Review: Fontaines D.C. show striking maturation in ‘A Hero’s Death’

In the world’s broad field of battle,
In the bivouac of Life,
Be not like dumb, driven cattle!
Be a hero in the strife!

Henry Wadsworth Longfellow sang across the page of ‘A Psalm of Life’, urging for life to simply be led at its fullest than lived for its material need and existentially woe’d upon as its happening. We spend our lives even driving to find our place within it – our mark in the sand, the thing that makes us who we are. But what happens when you think you’ve found your mark, but it unsettles you from all that you’ve known before?

‘A Hero’s Death’ – the second record from Fontaines D.C. – is naturally burdened by experience, yet in doing so is an eviscerating introspective on displacement, perception of the future and reconnecting with the self. Grian Chatten, focusing his spectatorial lens upon himself, channels the exhaustion and absence of habitual fulfilment into an even dryer, intense form of narrative – scraps of memories transcend into capitalised feelings that are coaxed into understanding through their blossoming personification in song.

Chatten burrows into expected perception of others – leaving himself with a hanging finality that yearns rather for a sense of silence than the constant sense of acceptance that lacks any sense of individuality – “We both Have a lot of things to say, don’t – Don’t get time enough to play” he notions laconically across You Said’, his macabre drawl –  drunkenly anaesthetised and surrounded with the constant fawn of affirmation – doesn’t know whether to yearn for home when it doesn’t offer the same residual comforts as it did before – having been gone for so long, a heavily resonating hunch of habitual and social limbo. ‘Sunny’ – manifesting an alternate life, like a blur of a flashback within in a protagonist’s mind, where Chatten can’t decipher between a dream or reality – broods nonchalantly over beautifully aching strings, a sixties noir developing within the adolescent anxiety of not knowing what your future beholds. It’s a stark and poignant moment, one that allows Fontaines to acquire understanding in their own knotty, entwined way.

The immediacy within which they capture the passing of time lies heavily within the urging, desirous atmosphere they craft – a weighted, ponderous mood that only loosens its temperament when vitally necessary. ‘Televised Mind’, in all its urgency, is most deviant and striking in its low strung notoriety, Conor Deegan, Conor Curley and Carlos O’Connell presenting this gift of driven enthusiasm and angst to bely the insecurity and anxiety that lurks within – a sonic evocation of indoctrination through accessibility. Their sound has always possessed such stringent purpose, but across ‘A Hero’s Death’ the layers are allowed to wallow in their disposition, a more incisive say in the matter than a product of the narrative that colours the world they inhabit. It bleeds across ‘Love Is The Main Thing’, a sticky hue that concretises Chatten’s direct vision with minimalism that creeps upon you, eventually encapsulated by its vines as you lay dormant within its weariness.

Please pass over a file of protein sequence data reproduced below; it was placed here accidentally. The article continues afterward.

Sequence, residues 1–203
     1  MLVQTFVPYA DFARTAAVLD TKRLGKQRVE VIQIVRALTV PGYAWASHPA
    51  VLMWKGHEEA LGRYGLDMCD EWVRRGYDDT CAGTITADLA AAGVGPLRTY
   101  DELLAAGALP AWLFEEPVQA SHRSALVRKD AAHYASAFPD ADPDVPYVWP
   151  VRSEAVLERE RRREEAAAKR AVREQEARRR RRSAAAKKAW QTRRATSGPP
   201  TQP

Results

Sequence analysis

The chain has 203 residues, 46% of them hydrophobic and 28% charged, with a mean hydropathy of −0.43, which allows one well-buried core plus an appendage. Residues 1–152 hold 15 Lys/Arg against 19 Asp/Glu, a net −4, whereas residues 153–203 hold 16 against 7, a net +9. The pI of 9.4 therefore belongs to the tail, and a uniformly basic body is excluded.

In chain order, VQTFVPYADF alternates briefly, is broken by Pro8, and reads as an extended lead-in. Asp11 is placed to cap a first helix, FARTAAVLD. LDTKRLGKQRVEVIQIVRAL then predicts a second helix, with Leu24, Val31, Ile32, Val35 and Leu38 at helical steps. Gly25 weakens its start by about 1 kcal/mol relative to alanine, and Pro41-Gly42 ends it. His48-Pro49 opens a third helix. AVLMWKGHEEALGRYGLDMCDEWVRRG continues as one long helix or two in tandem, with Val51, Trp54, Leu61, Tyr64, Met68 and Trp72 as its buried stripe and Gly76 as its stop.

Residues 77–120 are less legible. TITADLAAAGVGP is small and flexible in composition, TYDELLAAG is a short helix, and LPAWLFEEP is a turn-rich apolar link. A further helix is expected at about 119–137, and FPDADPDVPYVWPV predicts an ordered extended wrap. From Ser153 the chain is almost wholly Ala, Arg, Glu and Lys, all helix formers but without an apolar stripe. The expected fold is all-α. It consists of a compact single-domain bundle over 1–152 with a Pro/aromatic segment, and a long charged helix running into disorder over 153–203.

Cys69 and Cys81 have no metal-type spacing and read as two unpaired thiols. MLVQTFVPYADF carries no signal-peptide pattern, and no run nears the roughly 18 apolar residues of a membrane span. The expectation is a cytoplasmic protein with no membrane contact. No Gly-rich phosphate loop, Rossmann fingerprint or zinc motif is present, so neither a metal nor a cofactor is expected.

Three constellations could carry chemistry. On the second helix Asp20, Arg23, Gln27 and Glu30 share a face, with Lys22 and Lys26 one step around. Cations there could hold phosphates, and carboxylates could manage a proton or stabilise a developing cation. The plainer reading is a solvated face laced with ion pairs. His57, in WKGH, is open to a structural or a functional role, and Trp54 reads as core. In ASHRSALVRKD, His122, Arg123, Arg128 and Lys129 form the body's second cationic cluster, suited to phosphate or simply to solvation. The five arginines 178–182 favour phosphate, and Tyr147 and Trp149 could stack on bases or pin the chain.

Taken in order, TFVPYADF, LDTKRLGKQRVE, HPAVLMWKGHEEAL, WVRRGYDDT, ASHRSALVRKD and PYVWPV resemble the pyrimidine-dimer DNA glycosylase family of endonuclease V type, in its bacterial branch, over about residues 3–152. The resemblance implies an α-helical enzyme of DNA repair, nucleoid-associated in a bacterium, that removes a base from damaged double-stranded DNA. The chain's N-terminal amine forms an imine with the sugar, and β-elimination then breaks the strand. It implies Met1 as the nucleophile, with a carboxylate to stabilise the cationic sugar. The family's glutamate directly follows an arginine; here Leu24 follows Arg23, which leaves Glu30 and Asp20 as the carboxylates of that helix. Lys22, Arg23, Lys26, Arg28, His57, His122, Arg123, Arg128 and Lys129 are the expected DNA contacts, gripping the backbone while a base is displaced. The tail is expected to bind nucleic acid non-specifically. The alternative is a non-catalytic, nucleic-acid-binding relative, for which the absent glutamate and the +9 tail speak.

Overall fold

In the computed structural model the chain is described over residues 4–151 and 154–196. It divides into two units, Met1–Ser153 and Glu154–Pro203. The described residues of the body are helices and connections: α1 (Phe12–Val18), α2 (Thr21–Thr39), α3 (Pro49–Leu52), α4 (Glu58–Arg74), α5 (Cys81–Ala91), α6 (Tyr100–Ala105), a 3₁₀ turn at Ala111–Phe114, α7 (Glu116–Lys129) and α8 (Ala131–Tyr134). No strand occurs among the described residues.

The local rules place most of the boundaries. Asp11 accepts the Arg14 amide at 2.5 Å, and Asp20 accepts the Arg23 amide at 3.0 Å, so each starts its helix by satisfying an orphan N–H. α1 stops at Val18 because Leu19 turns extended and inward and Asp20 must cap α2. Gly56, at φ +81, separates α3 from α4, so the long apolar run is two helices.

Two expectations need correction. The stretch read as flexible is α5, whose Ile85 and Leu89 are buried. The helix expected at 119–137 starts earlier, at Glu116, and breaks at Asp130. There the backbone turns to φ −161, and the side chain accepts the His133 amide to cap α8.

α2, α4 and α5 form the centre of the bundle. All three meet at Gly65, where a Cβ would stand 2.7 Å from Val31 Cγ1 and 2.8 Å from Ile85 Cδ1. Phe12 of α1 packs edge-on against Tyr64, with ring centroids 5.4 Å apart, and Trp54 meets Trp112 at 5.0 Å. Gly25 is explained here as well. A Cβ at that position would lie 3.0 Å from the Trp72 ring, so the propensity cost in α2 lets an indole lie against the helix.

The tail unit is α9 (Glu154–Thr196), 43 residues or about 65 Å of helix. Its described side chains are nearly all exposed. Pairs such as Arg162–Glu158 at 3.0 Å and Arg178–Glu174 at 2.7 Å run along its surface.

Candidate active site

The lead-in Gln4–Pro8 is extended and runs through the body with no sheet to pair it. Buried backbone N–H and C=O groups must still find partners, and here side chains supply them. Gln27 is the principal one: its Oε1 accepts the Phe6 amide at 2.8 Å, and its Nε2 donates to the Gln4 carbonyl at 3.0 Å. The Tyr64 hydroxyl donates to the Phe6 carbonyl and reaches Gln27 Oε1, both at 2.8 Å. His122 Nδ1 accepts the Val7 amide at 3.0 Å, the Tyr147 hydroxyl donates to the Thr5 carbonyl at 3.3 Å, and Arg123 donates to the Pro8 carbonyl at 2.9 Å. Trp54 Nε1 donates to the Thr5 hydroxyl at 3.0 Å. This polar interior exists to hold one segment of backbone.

‘Oh Such A Spring’, beautifully crafted upon weary nostalgia and a tangled sense of calm, Chatten gleams bleary eyed, hanging on to that last string of reticence that clutches with bleeding hand, “Now they’re all gone, that’s life moving on, some stayed behind to get drunk on the song” – as much as we may not want it, you the city can most certainly be taken out of the boy – and it’s here they show their understanding and adaptation, their place within a world that keeps on changing. ‘I Was Not Born’, with its flagrant stomping march that awakes like a jolt from the recesses of residual paralysis – Chatten defiant and uncompromising – is ready to take on the future with both hands, once again only on their terms.

‘A Hero’s Death’, is a striking progression for Fontaines D.C. – filled with the life and character that breathed through their debut but with striking and insightful apprehension of ageing and growth.

The brand new issue of So Young is out now. SOLD OUT in print but you can read the digital edition below.